can target in your SCRM framework can be categorized as: disruptions, delays, forecast errors, procurement risks, supplier risks, lead time risks, receivable
risks, capacity risks and inventory risks. You may collect a list of known supply chain threats in your area of interest, categorize them under one of these risk
categories, judge the impact on business, judge the vulnerabilities, and arrive at the risk values using the quantitative formulations of the chosen model. Once
the risk values are calculated, you may propose mitigation strategies pertaining to redundant suppliers, better supplier relationships (i.e., eliminating
procurement hops), alternate routes (i.e., alternate loading/unloading ports and links), add capacity and inventory, shift warehouses, change distribution
model (direct shipments, cyclic shipments, milk run shipments, in-transit merging, adding retail stores, cross-dock distribution, etc.), change transportation
media, etc. You may validate the proposed SCRC framework by interviewing supply chain experts in your country. Hence, the problem statement of your
thesis will be related to the known threats and vulnerabilities in supply chain management in the selected transactions (chosen by you), and the solution will
be a novel Supply Chain risk communication framework to manage the risks resulting from these threats and vulnerabilities. It will be a quantitative research
with descriptive and inferential statistical analysis. The outcome of this model will be on-the-fly alerts on risk levels and their mitigation as soon as a risk is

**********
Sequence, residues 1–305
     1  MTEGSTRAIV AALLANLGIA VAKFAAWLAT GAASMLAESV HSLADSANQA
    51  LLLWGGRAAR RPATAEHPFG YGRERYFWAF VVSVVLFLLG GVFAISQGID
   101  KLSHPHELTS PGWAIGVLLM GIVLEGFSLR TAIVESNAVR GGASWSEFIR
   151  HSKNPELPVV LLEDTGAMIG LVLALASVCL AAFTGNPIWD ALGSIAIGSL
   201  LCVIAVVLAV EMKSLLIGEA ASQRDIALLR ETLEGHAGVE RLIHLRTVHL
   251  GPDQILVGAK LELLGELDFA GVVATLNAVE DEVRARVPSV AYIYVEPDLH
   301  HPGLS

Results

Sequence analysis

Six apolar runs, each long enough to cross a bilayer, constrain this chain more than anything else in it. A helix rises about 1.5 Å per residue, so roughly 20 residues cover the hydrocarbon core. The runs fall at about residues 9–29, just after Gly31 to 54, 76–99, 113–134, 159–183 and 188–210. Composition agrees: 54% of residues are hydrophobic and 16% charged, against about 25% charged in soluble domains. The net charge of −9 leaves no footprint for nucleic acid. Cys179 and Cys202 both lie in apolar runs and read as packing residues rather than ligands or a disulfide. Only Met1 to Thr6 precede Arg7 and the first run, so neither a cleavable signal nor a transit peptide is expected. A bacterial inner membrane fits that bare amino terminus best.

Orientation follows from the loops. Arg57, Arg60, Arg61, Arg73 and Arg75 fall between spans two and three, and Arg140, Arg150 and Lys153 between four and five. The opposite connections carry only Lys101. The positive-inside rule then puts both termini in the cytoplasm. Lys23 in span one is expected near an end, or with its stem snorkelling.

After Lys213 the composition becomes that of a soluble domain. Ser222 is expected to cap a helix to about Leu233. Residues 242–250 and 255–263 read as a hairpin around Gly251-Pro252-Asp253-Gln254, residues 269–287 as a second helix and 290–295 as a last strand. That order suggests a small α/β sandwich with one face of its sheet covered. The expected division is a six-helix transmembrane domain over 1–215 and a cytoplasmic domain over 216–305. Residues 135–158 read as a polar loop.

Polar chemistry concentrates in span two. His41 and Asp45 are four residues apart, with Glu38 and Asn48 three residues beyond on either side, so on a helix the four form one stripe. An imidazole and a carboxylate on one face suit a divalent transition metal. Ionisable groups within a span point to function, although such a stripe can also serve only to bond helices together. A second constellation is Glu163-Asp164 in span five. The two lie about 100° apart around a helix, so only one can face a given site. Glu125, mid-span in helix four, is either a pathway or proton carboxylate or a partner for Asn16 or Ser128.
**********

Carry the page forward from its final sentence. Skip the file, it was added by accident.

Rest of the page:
logged (you will need to define mitigation actions against various risk levels, and the suggested authorities to make decisions). You may like to validate your
model by surveying experts in your network. A short, and to-the-point structured questionnaire may be used such that you can present validity and
reliability analysis using SPSS.

(L) Information Technology in Supply Chain Management: A number of information technology platforms are popular in supply chain management. Some of
the key IT tools in supply chain management are IBM Supply Chain Simulator, Rhythm (by i2 Technologies), Advanced Planner and Optimizer by SAP,
Manugistics, Matrix One, Oracle Supply Chain Management, etc. These tools possess various functionalities - like, enterprise planning, demand planning,
production scheduling, distribution planning, procurement and replenishment planning, facilities location planning, replenishment planning, manufacturing
planning, logistics strategy formulation, stocking levels planning, lead times planning, process costing, customer service planning, procurement, supply and